4pm: park up on Cuba Street
Check into the self-service Cuba Street Motorhome Park at 25 Garrett Street. You won’t get a more central location, and it’s possibly one of the city’s best-kept parking secrets. The park, which caters to self-contained campervans, offers powered parking for up to nine vehicles for $35 a night (from 4pm until 8am).
All the sites are available on a first-come, first-served basis — you can’t book or make reservations, but the owners say they’re rarely full and can generally accommodate anyone who turns up. Find the park at the very end of Garrett Street, accessible via Wellington’s iconic Cuba Street.
7pm: dinner at Shepherd
A three-minute walk from Cuba Street, within the famed urban Hannah’s Laneway, Shepherd Restaurant specialises in modern kai with a creative bent. Named after its co-owner Shepherd Elliot (of Wellington’s Ti Kouka Café and Leeds St Bakery), the restaurant is big on sustainability, ethically sourced fare and top-quality, locally foraged veg.
You will find it encircled by the Hannah’s apartment building, Pizza Pomodoro, Golding’s Free Dive, Hanging Ditch and the Wellington Chocolate Factory. I visited for a one-off wild-feast collaboration between Scott and Maaike McNeil, of Awatoru Wild Food Provedores on the Kāpiti Coast, and Wairarapa wine-maker and hunter, Jannine Rickards, of Huntress wines. Both producers supply some of New Zealand’s best restaurants.
I sampled a special four-course menu that started with a raw fish, grapefruit, endive and coconut dish, paired with a Huntress Elderflower Wine cocktail, and finished with a cheese and honey platter. But the tastiest morsel of the night went to the roasted tahr, shot and dragged straight out of the bush for my plate.
8am: breakfast at Loretta
Roll out of bed straight into this Wellington culinary institution before the morning rush. Loretta breakfasts are all kinds of perfect — beautiful and stylish to look at and yummy and healthy to boot. Grab a date, banana, cashew and chocolate coconut-milk smoothie for $9 or start the day with fruit toast smeared in golden sultana, orange and fennel with mascarpone and Damson plum jam for $14.50.
If you’ve come for toast and eggs, you can’t go past Loretta’s Croque Madame for $21. The ham and gruyere toastie, topped with a fried egg and washed down with tea made from hot water and a sprig of mint, certainly didn’t disappoint.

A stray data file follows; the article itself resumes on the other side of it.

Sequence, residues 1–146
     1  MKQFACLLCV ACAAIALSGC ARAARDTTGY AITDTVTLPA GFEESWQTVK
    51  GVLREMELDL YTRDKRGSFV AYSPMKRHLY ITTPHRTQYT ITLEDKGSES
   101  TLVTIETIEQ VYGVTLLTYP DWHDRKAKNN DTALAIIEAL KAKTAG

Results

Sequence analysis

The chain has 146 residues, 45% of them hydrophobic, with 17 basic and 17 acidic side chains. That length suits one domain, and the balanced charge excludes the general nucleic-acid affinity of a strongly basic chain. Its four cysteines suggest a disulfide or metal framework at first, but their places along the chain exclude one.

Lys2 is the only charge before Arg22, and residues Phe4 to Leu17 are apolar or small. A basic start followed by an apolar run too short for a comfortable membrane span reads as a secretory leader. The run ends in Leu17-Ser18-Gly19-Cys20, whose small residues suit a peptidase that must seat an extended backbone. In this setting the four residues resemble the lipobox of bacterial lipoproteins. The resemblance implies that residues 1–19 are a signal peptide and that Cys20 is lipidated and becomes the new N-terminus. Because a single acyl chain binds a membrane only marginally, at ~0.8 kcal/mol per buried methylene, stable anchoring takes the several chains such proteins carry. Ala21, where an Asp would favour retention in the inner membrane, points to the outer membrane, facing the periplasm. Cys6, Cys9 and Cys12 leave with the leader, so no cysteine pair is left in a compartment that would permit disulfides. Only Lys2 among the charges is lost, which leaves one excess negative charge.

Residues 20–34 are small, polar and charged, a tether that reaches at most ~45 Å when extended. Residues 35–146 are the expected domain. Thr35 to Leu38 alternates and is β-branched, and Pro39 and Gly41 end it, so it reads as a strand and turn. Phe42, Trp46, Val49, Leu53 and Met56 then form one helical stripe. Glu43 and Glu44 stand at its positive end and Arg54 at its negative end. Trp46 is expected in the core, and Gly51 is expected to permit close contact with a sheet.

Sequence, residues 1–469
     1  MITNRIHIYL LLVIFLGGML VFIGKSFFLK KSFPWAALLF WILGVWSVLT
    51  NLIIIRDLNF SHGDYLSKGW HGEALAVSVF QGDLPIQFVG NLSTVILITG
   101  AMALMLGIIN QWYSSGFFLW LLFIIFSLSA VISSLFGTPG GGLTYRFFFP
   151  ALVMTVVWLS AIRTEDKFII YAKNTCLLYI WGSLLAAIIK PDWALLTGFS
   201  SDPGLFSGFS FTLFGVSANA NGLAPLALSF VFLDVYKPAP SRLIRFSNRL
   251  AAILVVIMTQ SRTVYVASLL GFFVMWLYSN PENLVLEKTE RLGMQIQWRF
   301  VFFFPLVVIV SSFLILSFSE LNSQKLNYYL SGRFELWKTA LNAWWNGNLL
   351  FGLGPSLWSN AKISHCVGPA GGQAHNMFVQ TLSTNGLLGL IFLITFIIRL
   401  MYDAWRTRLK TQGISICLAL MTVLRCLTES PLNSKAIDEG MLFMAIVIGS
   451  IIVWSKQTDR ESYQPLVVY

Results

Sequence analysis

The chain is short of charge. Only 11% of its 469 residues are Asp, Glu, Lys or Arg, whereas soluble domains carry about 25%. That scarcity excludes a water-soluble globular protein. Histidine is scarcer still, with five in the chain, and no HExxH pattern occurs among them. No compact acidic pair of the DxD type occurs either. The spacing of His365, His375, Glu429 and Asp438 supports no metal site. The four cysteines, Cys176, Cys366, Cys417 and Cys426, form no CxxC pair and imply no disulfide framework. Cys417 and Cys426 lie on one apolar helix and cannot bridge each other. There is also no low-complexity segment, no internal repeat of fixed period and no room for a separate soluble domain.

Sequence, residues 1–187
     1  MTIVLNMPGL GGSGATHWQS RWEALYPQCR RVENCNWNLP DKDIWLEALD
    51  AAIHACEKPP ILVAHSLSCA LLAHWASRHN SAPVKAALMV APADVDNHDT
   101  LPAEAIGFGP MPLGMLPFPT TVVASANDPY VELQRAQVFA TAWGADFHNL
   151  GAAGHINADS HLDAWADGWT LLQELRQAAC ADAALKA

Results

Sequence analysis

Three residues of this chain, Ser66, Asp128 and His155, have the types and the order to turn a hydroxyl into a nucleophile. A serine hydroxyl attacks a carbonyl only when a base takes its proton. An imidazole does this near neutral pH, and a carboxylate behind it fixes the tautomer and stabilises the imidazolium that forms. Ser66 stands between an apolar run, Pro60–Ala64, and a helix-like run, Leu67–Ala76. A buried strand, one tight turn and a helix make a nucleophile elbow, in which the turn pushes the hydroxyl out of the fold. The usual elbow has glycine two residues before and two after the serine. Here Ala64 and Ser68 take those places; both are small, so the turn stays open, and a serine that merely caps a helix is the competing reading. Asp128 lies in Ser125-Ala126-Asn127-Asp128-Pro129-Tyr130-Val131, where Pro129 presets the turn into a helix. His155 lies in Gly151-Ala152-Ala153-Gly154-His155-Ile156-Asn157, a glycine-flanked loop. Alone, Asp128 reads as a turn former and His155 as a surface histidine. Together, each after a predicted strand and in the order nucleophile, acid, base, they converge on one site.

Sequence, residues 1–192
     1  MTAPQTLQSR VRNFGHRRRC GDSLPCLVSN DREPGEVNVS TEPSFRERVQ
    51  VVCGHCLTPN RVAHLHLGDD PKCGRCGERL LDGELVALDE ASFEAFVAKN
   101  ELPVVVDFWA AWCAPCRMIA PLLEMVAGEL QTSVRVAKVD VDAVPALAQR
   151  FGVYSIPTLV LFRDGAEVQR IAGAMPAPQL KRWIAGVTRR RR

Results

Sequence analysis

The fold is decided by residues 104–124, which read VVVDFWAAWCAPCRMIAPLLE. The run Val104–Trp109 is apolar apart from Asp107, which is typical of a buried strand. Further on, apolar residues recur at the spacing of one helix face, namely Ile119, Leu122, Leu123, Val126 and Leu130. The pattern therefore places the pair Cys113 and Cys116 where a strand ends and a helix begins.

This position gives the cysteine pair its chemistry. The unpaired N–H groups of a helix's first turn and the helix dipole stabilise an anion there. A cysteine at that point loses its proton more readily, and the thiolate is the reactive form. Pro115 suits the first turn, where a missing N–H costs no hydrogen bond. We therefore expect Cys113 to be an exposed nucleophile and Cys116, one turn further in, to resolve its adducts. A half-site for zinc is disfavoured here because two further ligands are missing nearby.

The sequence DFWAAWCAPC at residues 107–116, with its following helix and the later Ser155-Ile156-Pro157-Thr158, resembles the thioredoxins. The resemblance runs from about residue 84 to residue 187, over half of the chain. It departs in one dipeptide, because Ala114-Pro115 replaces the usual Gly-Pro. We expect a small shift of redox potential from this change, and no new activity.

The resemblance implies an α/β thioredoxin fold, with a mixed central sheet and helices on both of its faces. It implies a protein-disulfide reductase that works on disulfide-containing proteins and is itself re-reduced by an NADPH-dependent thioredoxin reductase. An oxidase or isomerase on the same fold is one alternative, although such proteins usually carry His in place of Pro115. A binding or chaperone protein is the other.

9.30am: hike to the Mount Victoria Lookout
For the best city views and to get the heart pumping, walk up Majoribanks Street to enter the town belt and take the steep 40-minute trail through pine forest to the Mount Victoria Lookout. From the top of Mount Victoria, you’ll see pretty much all of Wellington City - from Te Ahumairangi (formerly Tinakori Hill) and the Hutt Valley to Matiu/Somes Island and Miramar to Mount Mathews, Wellington’s highest point to the east. It’s perfect for photos; just remember those hiking shoes.
11am: coffee at Moore Wilson’s
College Street, located a couple of blocks uptown from Te Papa Tongarewa, New Zealand’s national museum, is a good bet for coffee and mid-morning snacks. There’s L’Affare Café, one of Wellington’s iconic coffee houses, and Bao Boy for steamed Asian buns. But there’s also Moore Wilson’s, the city’s 100-year-old fresh-food market, a favourite with Wellington chefs and foodies.
Grab a barista-made coffee (choose from local brands such as Acme, L’affare, People’s or Havana) and a tasty something from the deli counter, which offers a huge range of locally made cheeses, meats, cakes and pastries. For $7.10, I grabbed a flat white and a croissant.
12pm: wander the shops
December’s a great time to bolster the summer wardrobe, and College Street has its fair share of fashion boutiques. Start with Miss Wong and Goodness and finish up at Kowtow’s flagship store and Magnolia, located at the Tory Street end of College Street. For gifts and homewares, there’s plenty to look at in Citta Design, Nood, Shut the Front Door and Moore Wilson’s kitchen and homeware department.